From the beginning, NASCAR decided its champion by giving it to driver who scores the most points. This system worked well and all the NASCAR legends won their titles this way. It meant you had a great season with few bad races and lots of good finishes.
It was truly a special accomplishment because so many things can happen to spoil a season, but you persevered and now you will be rewarded.
Through the '90s and into the 2000s NASCAR's success a popularity grew. Attendance rose and television ratings were high.
Then in 2003, Matt Kenseth "eighth placed" his way to the last Winston Cup Title with only one victory. A small number of people voiced displeasure over the champion only winning one race and something had to be done to fix it!
Newly appointing NASCAR head Brian France stepped in a made a drastic change to how the Championship was awarded.
Since 2004, NASCAR fans have endured this failed gimmick called the Chase for the Championship.
Race attendance has been in steady decline and television ratings have dropped every year.
After already attempting to "fix" the Chase in 2007, rumors are circulating that even more changes are coming with more eliminations and more crazy rules that will confuse and frustrate the fans.
Which points system do you prefer?
It is time for NASCAR to admit the Chase was a mistake.
It is time for a traditional points system that NASCAR fans know and love.
Here is what I recommend: let's start with the point system we use today, but eliminate the 10-race chase for the championship. After 36 races, the driver with the most points at the end of the season wins the championship.
Now, for those who want winning to count as much as consistency, the winning driver of each race will receive 240 points. The bonus points for leading laps will remain the same, so a winning a race guarantees you 245 points. Leading the most laps and winning the race would award 250 points. That is a 75-point gain over the second place finishing driver. In other words, if you win a lot of races, you will be in contention.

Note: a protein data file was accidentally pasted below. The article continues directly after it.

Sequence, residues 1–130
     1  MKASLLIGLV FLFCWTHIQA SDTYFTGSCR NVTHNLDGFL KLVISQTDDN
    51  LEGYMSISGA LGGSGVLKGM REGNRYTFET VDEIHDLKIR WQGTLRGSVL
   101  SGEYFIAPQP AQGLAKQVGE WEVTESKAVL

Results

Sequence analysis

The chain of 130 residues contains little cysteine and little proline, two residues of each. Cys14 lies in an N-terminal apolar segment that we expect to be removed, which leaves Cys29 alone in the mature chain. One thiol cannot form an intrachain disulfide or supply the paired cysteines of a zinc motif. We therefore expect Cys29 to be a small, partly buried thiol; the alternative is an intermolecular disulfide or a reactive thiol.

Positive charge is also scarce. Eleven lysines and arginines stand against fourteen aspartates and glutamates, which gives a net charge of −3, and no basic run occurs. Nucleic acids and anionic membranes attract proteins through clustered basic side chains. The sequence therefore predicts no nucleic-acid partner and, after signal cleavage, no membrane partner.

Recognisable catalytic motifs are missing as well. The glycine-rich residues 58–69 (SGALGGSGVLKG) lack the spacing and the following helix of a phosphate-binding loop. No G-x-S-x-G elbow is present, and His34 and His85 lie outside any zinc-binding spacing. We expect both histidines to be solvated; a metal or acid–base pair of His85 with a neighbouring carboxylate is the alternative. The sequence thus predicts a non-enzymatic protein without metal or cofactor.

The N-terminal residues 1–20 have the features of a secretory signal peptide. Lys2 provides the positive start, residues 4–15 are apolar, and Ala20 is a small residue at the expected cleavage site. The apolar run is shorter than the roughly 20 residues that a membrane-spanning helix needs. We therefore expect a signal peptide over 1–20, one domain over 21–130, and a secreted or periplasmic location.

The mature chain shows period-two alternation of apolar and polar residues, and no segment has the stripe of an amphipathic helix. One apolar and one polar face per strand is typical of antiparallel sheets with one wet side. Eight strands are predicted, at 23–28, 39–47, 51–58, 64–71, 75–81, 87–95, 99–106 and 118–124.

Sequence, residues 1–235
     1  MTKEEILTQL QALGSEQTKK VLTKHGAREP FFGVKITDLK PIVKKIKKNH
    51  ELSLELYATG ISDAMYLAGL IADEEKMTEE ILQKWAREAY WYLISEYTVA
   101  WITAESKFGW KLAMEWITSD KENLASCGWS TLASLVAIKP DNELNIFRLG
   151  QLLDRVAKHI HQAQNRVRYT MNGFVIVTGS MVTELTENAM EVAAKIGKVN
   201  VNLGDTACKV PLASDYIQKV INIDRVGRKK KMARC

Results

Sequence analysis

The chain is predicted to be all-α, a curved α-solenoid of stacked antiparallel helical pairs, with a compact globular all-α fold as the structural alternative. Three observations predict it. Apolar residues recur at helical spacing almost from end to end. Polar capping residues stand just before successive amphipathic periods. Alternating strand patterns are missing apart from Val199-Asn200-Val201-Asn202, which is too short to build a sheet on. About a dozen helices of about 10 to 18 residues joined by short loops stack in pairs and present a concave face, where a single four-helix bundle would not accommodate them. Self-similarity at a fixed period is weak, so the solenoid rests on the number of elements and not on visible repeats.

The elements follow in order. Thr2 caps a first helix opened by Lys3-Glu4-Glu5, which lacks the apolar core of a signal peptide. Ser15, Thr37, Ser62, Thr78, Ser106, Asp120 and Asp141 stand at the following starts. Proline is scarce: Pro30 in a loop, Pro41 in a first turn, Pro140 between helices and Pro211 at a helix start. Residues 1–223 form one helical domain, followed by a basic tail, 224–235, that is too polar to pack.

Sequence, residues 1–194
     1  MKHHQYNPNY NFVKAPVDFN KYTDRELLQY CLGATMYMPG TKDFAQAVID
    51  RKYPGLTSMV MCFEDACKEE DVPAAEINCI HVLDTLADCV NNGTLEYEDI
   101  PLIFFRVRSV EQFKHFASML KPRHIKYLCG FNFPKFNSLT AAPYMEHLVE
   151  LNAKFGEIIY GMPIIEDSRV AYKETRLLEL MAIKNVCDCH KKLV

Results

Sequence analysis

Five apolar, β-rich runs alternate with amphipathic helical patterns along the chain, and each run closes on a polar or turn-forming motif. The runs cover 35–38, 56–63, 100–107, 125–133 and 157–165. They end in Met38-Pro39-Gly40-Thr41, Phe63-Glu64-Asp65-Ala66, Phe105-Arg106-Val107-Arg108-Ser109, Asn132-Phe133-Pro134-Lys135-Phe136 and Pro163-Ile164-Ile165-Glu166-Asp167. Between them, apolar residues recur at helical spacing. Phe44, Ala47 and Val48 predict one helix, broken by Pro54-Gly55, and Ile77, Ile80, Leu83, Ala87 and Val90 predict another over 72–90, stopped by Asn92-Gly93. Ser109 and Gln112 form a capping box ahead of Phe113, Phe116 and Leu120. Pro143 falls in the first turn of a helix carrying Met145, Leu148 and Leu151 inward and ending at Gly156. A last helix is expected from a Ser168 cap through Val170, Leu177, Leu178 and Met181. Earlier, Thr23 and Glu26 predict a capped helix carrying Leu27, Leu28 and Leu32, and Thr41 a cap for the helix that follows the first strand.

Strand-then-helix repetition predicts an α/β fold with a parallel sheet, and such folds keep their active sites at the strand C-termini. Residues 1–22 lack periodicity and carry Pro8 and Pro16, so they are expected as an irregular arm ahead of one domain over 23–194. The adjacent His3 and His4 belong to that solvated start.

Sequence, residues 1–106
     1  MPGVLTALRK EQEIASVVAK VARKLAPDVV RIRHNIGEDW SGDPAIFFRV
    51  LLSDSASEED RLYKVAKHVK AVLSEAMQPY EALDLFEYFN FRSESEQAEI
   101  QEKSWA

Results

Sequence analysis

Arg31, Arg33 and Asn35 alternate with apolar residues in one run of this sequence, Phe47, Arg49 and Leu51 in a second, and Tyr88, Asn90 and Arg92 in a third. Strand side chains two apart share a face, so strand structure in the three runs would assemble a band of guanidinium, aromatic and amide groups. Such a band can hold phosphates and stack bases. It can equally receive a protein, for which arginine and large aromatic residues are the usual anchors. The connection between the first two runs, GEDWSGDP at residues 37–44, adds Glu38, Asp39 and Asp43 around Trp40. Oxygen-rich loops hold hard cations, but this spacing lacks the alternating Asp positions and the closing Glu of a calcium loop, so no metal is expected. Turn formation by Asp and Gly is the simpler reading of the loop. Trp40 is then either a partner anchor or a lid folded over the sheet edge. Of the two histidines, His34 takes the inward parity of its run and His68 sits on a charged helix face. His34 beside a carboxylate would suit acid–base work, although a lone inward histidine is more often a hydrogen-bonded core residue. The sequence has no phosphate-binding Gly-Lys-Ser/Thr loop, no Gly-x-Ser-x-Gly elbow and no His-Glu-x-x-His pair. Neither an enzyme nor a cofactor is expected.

The point drop-off would also be less deeper in the field. One of the reasons the original system led to some runaway championships was if a driver had a problem and finished 43rd, they lost over 150 points to the winner. In the new system, you would not lose as many points as before, limiting the damage to your season.
I would also stop the point drop off at 36th position. Drivers finishing 36th through 43rd would receive the same amount of points. This will deter cars with severe damage from re-entering the race.
Here is the points system described above:
Lead a lap: 5 Lead most laps: 5
1 240 11 130 21 100 31 80 41 75
2 170 12 127 22 98 32 79 42 75
3 165 13 124 23 96 33 78 43 75
4 160 14 121 24 94 34 77
5 155 15 118 25 92 35 76
6 150 16 115 26 90 36 75
7 146 17 112 27 88 37 75
8 142 18 109 28 86 38 75
9 138 19 106 29 84 39 75
10 134 20 103 30 82 40 75
This system would reward consistency while also allowing someone to win several races and make a charge in the points. This system pleases both sides of the NASCAR spectrum, rewarding both consistency and winning.
The chase does not. It rewards a 10 race hot streak and uses the largest portion of the season as a qualifier. A points system like the one above would re-energize the fan base, reward big winners, and make the Sprint Cup Championship something special again.
The season is 36 races long, let's make all 36 count for something.